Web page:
Music Theory Teacher Resources
Find Music Theory educational ideas and activities
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Students explore the facets of rhythm. In this rhythm lesson plan, students examine beat, steady beat, and tempo as they follow the model of their instructor.
Students describe some of the distinguishing characteristics of blues music. They compare and analyze two versions of the same 12-bar blues song. They read and identify notation symbols for rhythm and tempo.
Students examine the blues, poetry, the Harlem Renaissance, and the 12-bar blues form. They watch a segment from the video, "VH1 Driven: Jamie Foxx," participate in a class discussion, and listen to songs by Ray Charles and a poem by Langston Hughes.
The song played in this lesson requires numerous pattern changes. To help learners along, they are instructed to sing each part before it is played. Each part is practiced in small groups and then as an ensemble using Orff instruments and arrangement.
The woodblock, xylophone, and metallophone are the focus of this Orff ensemble music arrangement. Kids practice playing their instruments keeping rhythm, pitch, and harmony as the focus of the lesson. They echo the teacher by patting a rhythm on their laps, then play their parts of the song, "When I Was Young."
Middle schoolers explain their thoughts on responsibility as it relates to commitment. In this responsibility lesson plan, students write or draw a journal entry in response to one of two quotes about commitment and success. They also write a short essay about a time when they followed through on a commitment to a positive experience.
Students create short musical compositions. For this music lesson, students use the "Doodle Pad" (a component of "Music Ace") and take turns to create short melodies. Students share their musical pieces with their classmates.
Fourth graders improvise missing harmony accompaniment for a soloist performing "The Star Spangled Banner." Groups select several familiar melodies that they can produce while individual students take turns improvising a new harmony part.
Students explore the concept of rhythm in music. In this music lesson, students listen to a series of claps in any rhythm and repeat the rhythm back. Students create their own clap rhythm and add stomps to the pattern.
Young scholars experiment with sounds waves through a graphic equalizer. In this sound wave lesson plan, students are introduced to sound waves using a slinky demonstration. Then they will learn about how even a deaf person can have sound because the human body is a medium of sound waves. Then they will experiment with frequencies on a 4-band equalizer.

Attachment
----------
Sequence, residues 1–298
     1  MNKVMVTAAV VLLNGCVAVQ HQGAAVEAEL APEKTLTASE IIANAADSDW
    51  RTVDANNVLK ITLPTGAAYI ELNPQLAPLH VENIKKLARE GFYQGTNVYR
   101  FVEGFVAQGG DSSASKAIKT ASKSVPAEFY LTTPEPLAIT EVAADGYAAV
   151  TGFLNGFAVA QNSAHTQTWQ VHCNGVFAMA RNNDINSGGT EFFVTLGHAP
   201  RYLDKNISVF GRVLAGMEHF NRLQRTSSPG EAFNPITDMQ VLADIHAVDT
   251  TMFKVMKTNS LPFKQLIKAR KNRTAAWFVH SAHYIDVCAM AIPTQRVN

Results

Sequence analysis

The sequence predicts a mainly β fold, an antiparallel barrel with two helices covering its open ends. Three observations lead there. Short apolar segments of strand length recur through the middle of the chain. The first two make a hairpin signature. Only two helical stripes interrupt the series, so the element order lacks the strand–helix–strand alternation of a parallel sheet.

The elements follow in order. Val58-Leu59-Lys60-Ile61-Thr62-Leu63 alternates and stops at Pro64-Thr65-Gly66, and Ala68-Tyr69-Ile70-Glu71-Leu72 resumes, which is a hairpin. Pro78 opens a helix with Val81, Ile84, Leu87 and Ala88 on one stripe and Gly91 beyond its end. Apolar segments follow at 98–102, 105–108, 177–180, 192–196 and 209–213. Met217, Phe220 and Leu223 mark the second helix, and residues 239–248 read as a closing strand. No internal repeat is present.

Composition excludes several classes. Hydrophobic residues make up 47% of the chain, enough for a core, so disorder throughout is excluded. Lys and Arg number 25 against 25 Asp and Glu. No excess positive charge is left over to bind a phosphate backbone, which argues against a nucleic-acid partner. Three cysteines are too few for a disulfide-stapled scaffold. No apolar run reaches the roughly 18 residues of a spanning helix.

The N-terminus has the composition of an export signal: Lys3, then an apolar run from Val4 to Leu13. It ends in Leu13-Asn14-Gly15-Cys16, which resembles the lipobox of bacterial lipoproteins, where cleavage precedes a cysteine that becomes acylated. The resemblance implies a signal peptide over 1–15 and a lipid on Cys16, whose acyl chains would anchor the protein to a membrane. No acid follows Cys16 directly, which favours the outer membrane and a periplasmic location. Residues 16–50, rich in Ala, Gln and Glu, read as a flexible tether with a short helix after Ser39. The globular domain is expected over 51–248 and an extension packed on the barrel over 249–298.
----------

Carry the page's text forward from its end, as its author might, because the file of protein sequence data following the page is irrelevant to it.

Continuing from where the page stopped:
Students discuss aspects of the Australian Aboriginal culture and storytelling practices. In this storytelling lesson, students listen to stories and identify the setting of the stories. Students write their own short story with a descriptive setting.
Sixth graders become more familiar with the sounds and "moods" of musical pieces. They communicate to classmates and conduct a survey.
High schoolers sing a vocal improvisation on a 12-bar blues progression. After watching a video on Harry Connick Jr., students try their own scat singing on the two-measure break.
Students engage in a lesson that is concerned with the concept of reading music in meters. They focus upon practicing reading odd meters while accenting the quarter note groupings without accenting the eighth note groupings as well.
Students compose their own eight measure melody in a D scale. Using a software program, they enter the half, quarter and eighth notes in the order they prefer. To end the lesson, they play their music for the class and critique their classmates.
In this music notes worksheet, learners identify the music notes and color the notes. Students complete 4 lines of music notes.
Students participate in a review activity. Place the pieces of paper in the basket and have a student draw a paper from the basket. The class reviews the activity (song, movement, etc.) listed on the piece of paper. After that activity is done, draw another piece of paper and so on!
In this ordering numbers learning exercise, students circle the second rabbit and underline the fourth. Students then circle the fifth squirrel and underline the third. Students circle the third skunk and underline the second. Finally, students circle the fourth duck and underline the first.
Students who play stringed instruments discover how to shift with ease and accuracy throughout the range of their instruments, resulting in the ability to perform orchestral and solo music at a more advanced level.
Students are introduced to the various songwriting techniques of Paul McCartney. They explore and compare the basic melodic, harmonic, and lyrical tendencies of the different types of pop music.